# PHYS 142 Lecture Notes - Lecture 2: Electric Field

44 views1 pages
School
Department
Course PHYS 142: Electromagnetism and Optics - Lecture 2: Coulomb’s Law and the Electric Field
Coulomb’s Law:
When two charged particles of respective charges q1 and q2 are a distance r apart, each
particle exerts a force on the other of magnitude:
kq1¿q2¿
r2
F=¿
K is called the electrostatic constant. In SI units K = 8.99×109 N m2/C2.
These forces are equal in magnitude and opposite in direction; they are directed along the
line joining the two particles. They are repulsive for two like charges and attractive for two
opposite charges.
Another way to write Coulomb’s law is:
¿q1¿q2¿
r2
F=1
ϵo
¿
where
ϵo=¿
8.85×10-12
C2/Nm2
ϵo
is called the permittivity constant
Electric forces can be superimposed (addition of vectors)
The Electric Field:
Consider the space surrounding a charge Q1. Any charge q placed in that space will
experience an electric force. We can calculate the electric force acting on q at any point in
space. The collection of all these force vectors is the electric field created by a charge Q1.
A charged particle with charge q at a point in space where the electric field is experiences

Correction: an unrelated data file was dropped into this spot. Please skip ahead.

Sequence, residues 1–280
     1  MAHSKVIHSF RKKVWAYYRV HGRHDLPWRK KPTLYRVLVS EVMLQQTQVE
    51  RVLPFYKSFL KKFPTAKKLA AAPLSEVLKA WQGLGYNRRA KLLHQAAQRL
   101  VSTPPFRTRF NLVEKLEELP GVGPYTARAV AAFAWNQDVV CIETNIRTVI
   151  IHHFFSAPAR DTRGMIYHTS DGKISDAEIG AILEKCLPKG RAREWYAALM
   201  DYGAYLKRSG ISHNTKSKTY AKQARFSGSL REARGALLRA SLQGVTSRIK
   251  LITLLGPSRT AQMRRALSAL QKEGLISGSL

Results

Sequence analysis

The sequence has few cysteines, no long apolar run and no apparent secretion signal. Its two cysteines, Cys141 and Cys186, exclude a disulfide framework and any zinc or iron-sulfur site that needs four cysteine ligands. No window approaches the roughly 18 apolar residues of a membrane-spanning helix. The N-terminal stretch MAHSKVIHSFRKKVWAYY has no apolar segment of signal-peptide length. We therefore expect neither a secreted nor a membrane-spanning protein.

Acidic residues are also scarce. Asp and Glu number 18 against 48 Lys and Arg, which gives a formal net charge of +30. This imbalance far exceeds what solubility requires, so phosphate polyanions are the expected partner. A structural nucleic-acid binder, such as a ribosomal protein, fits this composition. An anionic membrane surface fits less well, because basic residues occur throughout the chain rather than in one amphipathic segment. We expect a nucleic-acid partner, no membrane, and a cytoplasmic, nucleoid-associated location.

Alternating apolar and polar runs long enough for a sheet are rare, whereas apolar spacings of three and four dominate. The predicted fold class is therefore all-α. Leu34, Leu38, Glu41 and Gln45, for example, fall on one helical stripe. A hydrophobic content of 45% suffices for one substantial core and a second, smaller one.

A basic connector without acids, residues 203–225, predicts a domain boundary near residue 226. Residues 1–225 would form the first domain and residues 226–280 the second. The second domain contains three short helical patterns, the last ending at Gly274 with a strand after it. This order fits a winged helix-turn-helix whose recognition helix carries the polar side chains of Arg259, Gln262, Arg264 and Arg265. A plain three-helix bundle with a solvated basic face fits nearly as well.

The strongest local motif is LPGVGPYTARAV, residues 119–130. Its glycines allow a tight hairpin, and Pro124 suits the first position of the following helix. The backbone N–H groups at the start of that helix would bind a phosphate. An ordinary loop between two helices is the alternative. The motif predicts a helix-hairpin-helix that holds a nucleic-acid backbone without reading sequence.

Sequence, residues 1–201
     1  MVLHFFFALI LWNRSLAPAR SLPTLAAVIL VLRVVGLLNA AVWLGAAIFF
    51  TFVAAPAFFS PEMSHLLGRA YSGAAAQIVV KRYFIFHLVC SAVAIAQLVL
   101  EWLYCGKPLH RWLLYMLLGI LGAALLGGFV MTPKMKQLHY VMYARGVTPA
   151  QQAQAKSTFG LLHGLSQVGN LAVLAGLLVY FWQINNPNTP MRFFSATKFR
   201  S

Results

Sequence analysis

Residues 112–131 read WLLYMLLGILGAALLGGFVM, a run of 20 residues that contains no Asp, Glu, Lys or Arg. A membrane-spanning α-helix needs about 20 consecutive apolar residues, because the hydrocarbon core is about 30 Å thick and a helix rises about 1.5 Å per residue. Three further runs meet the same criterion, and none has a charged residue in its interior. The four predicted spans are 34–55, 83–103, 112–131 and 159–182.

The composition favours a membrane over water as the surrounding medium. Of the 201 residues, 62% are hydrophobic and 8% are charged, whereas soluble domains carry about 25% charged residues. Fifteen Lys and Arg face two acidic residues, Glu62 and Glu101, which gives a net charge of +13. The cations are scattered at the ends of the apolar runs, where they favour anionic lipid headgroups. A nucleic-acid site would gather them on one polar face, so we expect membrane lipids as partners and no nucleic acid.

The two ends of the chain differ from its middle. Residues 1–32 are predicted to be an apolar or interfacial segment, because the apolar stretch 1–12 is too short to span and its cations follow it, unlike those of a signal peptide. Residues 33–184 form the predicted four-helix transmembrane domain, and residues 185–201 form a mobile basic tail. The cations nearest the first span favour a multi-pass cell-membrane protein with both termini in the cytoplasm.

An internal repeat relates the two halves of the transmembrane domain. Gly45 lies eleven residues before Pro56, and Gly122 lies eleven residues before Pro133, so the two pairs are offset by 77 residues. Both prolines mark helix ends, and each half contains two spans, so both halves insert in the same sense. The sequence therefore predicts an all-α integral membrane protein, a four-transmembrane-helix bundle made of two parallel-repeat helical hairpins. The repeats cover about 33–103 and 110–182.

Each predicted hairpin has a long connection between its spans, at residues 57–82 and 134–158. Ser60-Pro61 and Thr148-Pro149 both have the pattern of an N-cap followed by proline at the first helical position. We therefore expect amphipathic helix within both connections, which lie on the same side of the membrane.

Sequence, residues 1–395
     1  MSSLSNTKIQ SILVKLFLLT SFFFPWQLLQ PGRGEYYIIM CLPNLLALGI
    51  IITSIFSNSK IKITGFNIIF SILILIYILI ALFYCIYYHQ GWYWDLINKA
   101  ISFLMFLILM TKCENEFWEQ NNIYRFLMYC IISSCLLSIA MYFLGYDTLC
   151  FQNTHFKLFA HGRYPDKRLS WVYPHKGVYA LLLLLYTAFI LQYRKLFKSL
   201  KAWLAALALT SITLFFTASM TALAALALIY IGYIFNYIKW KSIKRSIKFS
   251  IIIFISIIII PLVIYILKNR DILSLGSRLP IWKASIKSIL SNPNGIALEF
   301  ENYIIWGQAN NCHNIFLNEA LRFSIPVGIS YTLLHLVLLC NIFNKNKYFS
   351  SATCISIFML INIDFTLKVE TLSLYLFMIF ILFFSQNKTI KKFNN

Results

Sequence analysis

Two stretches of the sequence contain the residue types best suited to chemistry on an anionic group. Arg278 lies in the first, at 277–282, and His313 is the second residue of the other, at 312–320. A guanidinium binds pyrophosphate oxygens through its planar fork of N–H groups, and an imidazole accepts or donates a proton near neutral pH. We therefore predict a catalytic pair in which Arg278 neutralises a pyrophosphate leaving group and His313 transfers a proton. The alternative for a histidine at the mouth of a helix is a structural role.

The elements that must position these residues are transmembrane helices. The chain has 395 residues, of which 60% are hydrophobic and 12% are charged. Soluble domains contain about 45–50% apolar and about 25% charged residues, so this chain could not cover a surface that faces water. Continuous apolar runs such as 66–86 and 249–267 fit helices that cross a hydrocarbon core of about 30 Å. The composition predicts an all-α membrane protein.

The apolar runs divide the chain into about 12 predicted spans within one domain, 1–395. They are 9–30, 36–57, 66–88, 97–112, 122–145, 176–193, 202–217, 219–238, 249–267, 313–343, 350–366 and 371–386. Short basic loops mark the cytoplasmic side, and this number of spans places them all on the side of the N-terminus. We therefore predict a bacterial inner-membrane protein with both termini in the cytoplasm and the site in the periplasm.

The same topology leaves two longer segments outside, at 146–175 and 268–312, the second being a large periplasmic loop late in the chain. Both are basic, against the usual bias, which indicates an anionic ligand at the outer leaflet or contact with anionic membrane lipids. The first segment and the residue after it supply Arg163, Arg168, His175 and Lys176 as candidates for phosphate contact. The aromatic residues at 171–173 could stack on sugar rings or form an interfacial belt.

an electric force:
Fon q =q
E
Thus, the electric field can be represented as:
E=kq
r2
̂
r=1
ϵo
q
r2
̂
r
where
̂
r
represents the direction
The SI unit of electric field is N/C
Unlock document

This preview shows half of the first page of the document.
Unlock all 1 pages and 3 million more documents.

## Document Summary

Phys 142: electromagnetism and optics - lecture 2: coulomb"s law and the electric field. When two charged particles of respective charges q1 and q2 are a distance r apart, each particle exerts a force on the other of magnitude: k q1 q2 r2. In si units k = 8. 99 109 n m2/c2. These forces are equal in magnitude and opposite in direction; they are directed along the line joining the two particles. They are repulsive for two like charges and attractive for two opposite charges. Another way to write coulomb"s law is: Electric forces can be superimposed (addition of vectors) is called the permittivity constant. Consider the space surrounding a charge q1. Any charge q placed in that space will experience an electric force. We can calculate the electric force acting on q at any point in space. The collection of all these force vectors is the electric field created by a charge q1.

# Get access

\$10 USD/m
Billed \$120 USD annually
Homework Help
Class Notes
Textbook Notes